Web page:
As for drugs, drinking, shoplifting, and drag racing down the L.A. river for pinks, those are topics for other surveys and articles.
Why do Black newborns have a relatively high mortality rate in the U.S. — and how does the race of the doctor factor in?
- A new study examined nearly 2 million births in Florida from 1992 to 2015.
- The results showed that, when cared for by a white doctor, Black newborns are 3 times more likely to die than white newborns.
- The researchers said several "disturbing" factors are likely at play.
The U.S. infant mortality rate has overall been dropping for decades, but there remain significant racial disparities. Black newborns are about 2.3 times more likely to die than white newborns, according to the U.S. Department of Health and Human Services' Office of Minority Health. Still, the precise causes have been unclear.
A new study offers insight into one little-understood factor: the race of the physician. The results showed that when the physician is white, Black newborns are three more times likely to die than white newborns. But when the physician is Black, that rate drops by roughly half.
Our study provides the First evidence that the Black-white newborn mortality gap is smaller when Black MDs provide… https://t.co/JjlbFMOBct— Rachel Hardeman, PhD, MPH (@Rachel Hardeman, PhD, MPH)1597703531.0
The study was published Monday in the journal Proceedings of the National Academy of Sciences of the United States of America. For the study, researchers examined the birth records of about 2 million babies born in Florida between 1992 to 2015. To collect data on race, they obtained photographs of the attending physician for each birth record.
The results showed that Black newborns experienced 430 more fatalities per 100,000 births than white newborns. Under the care of Black physicians, that "mortality penalty" for Black newborns dropped to 173.
The study listed several other key findings:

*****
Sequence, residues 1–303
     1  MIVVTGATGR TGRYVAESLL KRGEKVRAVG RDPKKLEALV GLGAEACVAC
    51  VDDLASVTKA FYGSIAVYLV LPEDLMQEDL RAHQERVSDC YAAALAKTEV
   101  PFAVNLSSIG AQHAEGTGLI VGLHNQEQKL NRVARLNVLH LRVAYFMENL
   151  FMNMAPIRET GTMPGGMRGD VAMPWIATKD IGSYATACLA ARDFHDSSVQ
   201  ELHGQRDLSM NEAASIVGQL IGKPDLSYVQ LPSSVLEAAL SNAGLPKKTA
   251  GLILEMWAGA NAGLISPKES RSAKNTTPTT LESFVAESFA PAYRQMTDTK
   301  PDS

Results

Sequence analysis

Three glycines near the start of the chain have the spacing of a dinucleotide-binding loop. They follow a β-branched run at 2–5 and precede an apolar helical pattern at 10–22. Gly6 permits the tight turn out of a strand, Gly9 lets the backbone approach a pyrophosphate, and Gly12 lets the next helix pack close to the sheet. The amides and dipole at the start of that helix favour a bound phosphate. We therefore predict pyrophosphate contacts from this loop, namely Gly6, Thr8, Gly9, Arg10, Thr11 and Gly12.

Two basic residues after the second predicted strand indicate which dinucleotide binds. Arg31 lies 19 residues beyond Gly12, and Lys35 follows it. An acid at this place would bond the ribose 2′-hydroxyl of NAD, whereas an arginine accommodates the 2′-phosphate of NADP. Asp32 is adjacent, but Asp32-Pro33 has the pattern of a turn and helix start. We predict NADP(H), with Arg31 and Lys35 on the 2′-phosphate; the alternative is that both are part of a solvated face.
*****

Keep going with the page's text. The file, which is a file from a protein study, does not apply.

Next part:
- In complicated medical situations, Black newborns are even more likely to survive when the physician is Black.
- Black newborns are also especially likely to survive when cared for by Black physicians at hospitals that deliver more Black babies.
- The race of the physician didn't impact the mortality rate of mothers.
Why might the race of the attending physician matter? Although the researchers didn't examine the root causes of the disparity, they did mention that factors like eclampsia and preeclampsia (dangerous conditions that afflict Black women at disproportionate rates), socioeconomic inequality, racial biases, and institutional racism may play a part.
Brad Greenwood, study co-author and an associate professor of Information Systems & Operations Management Sciences at George Mason University, told USA Today that a mix of "disturbing" structural influences could be contributing to the problem.
"I don't think any of us would suggest as co-authors that these results are manifesting as a result of malicious bias on the part of physicians," Greenwood said. "I also think that underscores how insidious something like this is. Children are dying as a result of just structural problems."
The infant mortality rate in the US declined 2.3% from 579.3 infant deaths/100,000 live births in 2017 to 566.2 in… https://t.co/N1JdWTuejI— NCHS (@NCHS)1580428856.0
One part of the problem, potentially, is that only 5 percent of doctors in the U.S. are Black, even though Black Americans represent 13 percent of the population. Still, representation is only one part of this complex issue, according to study co-author Rachel Hardeman, a reproductive health equity researcher and associate professor at the University of Minnesota.
"It could go a long ways to helping with this, but also we don't know that the answer is necessarily that we just need more Black doctors," she told USA Today. "We have to be thinking about the health care institutions themselves and how physicians are being trained ... to think about the role of race and racism in the clinical encounter but also in people's lives outside of health care settings."